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EuropeActive's Foundations for Exercise Professionals

Author: EuropeActive

$45.00 USD

Book
$45.00 USD

ISBN: 9781450423779

©2015

Page Count: 352


EuropeActive’s Foundations for Exercise Professionals provides core knowledge and industry standards to help exercise professionals serve their clients. Endorsed by EuropeActive, the continent’s leading standard-setting organisation in fitness and health, this text is an authoritative guide for current and future exercise professionals and training providers in Europe.

The book uses scientific foundations to cover concepts and hands-on skills that promote best practices in exercise instruction and training. The content applies to all levels of the European Qualifications Framework (EQF) and associated job titles—the only resource to do so—and matches the core information for EQF levels 3 and 4. Thus, this instructional guide ensures smooth movement and work transfers among employers, educational institutions and countries in Europe.

Written by renowned experts in exercise and sport sciences and framed in the European Register of Exercise Professionals’ Code of Ethical Practice for exercise professionals, the text offers several practical features for readers:

  • Easy-to-apply instruction accompanied by 88 full-colour photos and 68 illustrations offer an ideal visual learning experience.
  • Complete descriptions and images detail proper form for common free-weight and machine-resistance training exercises.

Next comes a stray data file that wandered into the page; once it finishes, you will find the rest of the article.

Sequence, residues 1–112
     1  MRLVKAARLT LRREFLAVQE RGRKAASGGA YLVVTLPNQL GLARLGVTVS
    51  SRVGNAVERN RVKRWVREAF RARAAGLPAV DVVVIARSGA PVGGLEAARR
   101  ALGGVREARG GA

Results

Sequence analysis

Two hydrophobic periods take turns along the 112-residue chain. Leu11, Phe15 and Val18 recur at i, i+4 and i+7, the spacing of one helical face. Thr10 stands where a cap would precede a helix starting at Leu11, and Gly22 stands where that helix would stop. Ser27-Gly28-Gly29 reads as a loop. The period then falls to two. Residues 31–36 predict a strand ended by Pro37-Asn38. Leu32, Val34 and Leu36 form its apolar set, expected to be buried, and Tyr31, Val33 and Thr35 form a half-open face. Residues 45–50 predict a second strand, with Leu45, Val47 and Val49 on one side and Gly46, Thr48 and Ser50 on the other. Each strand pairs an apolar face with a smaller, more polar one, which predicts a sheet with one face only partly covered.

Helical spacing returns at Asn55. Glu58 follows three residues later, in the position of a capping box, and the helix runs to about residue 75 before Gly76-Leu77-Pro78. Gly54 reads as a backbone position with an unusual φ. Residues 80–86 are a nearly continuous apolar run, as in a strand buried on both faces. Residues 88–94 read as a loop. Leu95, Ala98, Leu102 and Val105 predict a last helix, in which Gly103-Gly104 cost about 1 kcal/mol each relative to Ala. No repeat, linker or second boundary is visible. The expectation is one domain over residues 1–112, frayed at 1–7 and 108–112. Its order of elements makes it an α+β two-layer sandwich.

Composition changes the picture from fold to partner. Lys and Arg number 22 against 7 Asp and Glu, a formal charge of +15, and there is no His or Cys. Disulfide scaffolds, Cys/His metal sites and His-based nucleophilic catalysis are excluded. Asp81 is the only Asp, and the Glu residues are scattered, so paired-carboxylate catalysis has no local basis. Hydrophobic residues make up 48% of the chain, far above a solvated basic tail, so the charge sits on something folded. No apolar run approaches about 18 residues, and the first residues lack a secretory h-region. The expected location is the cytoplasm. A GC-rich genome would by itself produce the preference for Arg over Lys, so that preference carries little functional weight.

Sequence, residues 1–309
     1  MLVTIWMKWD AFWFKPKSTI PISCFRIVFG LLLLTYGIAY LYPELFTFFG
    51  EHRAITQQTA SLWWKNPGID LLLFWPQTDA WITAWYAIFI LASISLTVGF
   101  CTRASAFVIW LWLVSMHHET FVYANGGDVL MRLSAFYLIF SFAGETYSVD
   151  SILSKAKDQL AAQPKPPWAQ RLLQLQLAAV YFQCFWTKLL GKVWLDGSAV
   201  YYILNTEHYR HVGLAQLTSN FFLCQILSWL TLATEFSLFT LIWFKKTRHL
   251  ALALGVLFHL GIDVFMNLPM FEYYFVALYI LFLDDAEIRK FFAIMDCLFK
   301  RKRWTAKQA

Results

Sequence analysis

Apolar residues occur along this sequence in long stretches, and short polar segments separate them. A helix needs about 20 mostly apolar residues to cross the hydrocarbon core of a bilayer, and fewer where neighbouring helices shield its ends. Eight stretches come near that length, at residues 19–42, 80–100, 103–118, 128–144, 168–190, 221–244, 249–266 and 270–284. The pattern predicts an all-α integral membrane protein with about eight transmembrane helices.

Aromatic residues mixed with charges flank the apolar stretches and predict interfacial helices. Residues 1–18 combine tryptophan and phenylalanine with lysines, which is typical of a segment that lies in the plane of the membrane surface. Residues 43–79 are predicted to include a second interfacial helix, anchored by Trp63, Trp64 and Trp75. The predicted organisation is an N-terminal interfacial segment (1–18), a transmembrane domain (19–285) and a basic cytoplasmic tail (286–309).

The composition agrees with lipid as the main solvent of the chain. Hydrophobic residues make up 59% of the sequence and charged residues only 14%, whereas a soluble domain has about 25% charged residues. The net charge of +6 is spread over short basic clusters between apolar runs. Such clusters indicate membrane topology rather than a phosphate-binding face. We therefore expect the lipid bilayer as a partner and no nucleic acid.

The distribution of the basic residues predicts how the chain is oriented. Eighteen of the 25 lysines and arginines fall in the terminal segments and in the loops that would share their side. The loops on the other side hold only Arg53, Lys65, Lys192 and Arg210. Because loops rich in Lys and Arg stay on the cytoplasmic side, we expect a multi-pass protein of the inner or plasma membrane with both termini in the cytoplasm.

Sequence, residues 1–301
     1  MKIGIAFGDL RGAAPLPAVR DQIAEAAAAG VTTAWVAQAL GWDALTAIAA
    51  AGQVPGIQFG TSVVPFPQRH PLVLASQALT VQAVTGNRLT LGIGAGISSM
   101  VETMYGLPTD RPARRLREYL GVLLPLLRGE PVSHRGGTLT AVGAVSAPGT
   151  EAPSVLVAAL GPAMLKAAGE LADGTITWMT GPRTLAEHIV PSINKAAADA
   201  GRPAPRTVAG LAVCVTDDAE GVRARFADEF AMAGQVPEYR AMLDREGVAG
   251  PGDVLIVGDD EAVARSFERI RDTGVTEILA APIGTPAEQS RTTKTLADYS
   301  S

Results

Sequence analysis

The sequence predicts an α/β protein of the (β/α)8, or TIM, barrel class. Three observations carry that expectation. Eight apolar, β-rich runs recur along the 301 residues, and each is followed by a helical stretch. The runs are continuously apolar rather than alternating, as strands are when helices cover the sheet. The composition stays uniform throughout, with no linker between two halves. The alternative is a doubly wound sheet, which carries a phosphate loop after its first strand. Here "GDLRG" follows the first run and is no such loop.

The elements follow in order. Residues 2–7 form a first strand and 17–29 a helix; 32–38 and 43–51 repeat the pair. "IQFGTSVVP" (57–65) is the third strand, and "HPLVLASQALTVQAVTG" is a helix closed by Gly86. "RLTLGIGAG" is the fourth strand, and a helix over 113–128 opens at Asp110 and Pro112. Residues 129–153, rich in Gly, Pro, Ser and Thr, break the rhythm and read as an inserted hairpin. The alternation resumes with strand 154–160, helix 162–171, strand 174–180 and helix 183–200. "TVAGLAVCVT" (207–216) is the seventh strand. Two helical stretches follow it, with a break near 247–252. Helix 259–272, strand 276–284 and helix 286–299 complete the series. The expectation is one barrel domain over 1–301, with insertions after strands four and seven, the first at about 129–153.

• Explanations and recommendations are included for the most popular cardiorespiratory exercise equipment.
  • Official nutrition recommendations prepare professionals to address clients’ concerns.
  • The complete Code of Ethical Practice serves as a guide for all exercise professionals in Europe.

EuropeActive’s Foundations for Exercise Professionals begins by covering the bones, joints, muscles and cardiovascular system to ensure a proper understanding of the body’s movement and physiology. Readers then learn the components of exercise theory and prescription, including energy systems; body composition; resistance, aerobic and flexibility training; warm-up and cool-down; and the principle of progression. The book helps professionals become role models in the industry with information on managing lifestyle through physical activity, health, nutrition, hydration and safety. After gaining foundational knowledge, readers will look closer at the role of the exercise professional, starting with building rapport, motivating, screening and assessing clients. The final chapters discuss the basic aspects of training: exercise technique using weight machines, free weights and cardiorespiratory equipment.

Both aspiring and qualified exercise professionals should keep abreast of foundational information about all areas of the health and fitness sector in order to properly serve the industry and their clients. EuropeActive’s Foundations for Exercise Professionals is an ideal reference for promoting physical activity, making lifestyles healthier and guiding clients toward their fitness goals.

Audience

A resource for individuals working toward the reference levels of the European Qualifications Framework and exercise professionals striving to comply with the latest industry standards and best practices.